Steal Away: Spirituals and Gospel Songs

Author: 
Peter Dickinson

Steal Away: Spirituals and Gospel Songs

  • Oh, what a beautiful city
  • Sometimes I feel like a motherless chile
  • True religion
  • I wanna be ready
  • Nobody knows de trouble I've seen
  • Walk with me
  • I couldn't hear nobody pray
  • Let my people go
  • Steal away to Jesus
  • 'Tis me, O Lord
  • By and by
  • Gospel train
  • Good News
  • Ride on, King Jesus
  • Honor, Honor
  • Dark water
  • Listen to the lambs

Many will remember the powerful impact made by the London Adventist Chorale, directed by Ken Burton, at the Proms last year and before that their popular CD on Paradisum. The members of the choir are taken from Seventh Day Adventist churches around London. These are actual church choirs and they believe in what they are singing: this message really comes across.
When covering the first volume of the Plymouth Music series called “Witness” (Collins Classics, 9/95), I mentioned the high quality of arrangements of spirituals made by the African-American singer-composer-arranger Harry T. Burleigh, so I was delighted to find seven of his piano settings here. Ruby Philogene, already on CD in Britten’s A Midsummer Night’s Dream (Philips, 12/96), is a real discovery. She has exactly the right emotional quality to suit all the moods of these eloquent songs and dares to take Nobody knows and Steal away very slowly indeed. Sometimes she embellishes Burleigh’s line, always in style, and Burton brings the chorus unobtrusively into the refrains of Steal away with magical effect. (Philogene’s opening consonant at 0'20'' seems to have got lost in an edit.)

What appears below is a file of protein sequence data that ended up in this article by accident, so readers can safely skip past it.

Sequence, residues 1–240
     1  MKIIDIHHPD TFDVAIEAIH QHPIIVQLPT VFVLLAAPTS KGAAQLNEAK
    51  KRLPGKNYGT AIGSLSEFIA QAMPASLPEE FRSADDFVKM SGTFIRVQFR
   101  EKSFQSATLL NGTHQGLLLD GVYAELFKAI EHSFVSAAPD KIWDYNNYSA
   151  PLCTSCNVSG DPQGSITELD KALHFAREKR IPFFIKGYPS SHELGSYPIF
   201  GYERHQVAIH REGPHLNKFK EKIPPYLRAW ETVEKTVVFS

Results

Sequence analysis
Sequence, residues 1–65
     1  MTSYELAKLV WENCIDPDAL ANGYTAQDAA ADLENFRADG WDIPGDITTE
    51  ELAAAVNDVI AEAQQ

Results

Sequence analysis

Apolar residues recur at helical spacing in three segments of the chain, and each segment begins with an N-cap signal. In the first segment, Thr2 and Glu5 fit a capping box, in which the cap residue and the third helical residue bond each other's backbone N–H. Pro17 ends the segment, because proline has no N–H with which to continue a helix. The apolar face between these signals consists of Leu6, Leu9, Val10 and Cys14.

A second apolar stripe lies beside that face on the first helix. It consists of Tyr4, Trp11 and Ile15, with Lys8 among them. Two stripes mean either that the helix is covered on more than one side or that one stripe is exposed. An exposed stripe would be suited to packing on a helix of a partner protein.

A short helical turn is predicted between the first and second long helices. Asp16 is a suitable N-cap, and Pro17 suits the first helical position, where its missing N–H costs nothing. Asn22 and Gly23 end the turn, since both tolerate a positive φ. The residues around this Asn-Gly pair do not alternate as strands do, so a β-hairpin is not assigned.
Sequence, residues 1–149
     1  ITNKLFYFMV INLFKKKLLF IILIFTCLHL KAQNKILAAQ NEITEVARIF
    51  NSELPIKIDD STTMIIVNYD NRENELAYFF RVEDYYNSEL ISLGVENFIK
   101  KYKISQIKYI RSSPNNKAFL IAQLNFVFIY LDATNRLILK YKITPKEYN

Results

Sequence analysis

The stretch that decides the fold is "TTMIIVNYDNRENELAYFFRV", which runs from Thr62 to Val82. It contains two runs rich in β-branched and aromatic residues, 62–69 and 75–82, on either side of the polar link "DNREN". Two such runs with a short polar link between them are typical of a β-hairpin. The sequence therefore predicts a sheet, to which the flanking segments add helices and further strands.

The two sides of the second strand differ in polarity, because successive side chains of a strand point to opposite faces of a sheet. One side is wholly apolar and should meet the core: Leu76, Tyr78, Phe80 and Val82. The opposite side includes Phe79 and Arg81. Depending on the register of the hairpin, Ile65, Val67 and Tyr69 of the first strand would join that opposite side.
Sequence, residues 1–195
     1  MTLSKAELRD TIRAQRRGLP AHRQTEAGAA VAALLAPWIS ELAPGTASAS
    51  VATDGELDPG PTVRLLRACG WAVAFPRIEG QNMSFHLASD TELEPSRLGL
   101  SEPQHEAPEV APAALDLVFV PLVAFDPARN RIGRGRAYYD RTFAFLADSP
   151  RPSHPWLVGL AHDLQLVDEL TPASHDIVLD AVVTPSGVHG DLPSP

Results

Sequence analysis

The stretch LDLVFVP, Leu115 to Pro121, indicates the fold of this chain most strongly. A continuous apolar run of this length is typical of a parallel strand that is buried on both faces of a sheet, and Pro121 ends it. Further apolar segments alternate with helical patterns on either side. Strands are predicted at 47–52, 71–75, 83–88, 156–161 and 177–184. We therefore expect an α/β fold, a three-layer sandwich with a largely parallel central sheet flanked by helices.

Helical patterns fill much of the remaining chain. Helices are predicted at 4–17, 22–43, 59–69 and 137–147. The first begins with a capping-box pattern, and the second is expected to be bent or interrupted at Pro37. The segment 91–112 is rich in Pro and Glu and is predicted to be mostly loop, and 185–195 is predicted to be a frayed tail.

There are other period arrangements by Hall Johnson and Nathaniel Dett, not quite on the level of Burleigh’s, whose settings are worth a whole CD on their own – Philogene would be ideal. Then there are Burton’s own arrangements to show that the London Adventist Chorale is part of a continuing tradition in spirituals and gospel. The Ladies Quartet has some fine voices and, with Burton fulsome at the piano, a swinging sense of rhythm.
Well recorded here, although the piano is sometimes favoured in balance, this is the ideal group for this repertoire. It is an enterprising choice for the EMI Debut series and, outstanding in every way, deserves to reach and touch a very large audience. It could and should become a cult CD, like “Canto Gregoriano” or Gorecki’s Third Symphony.'

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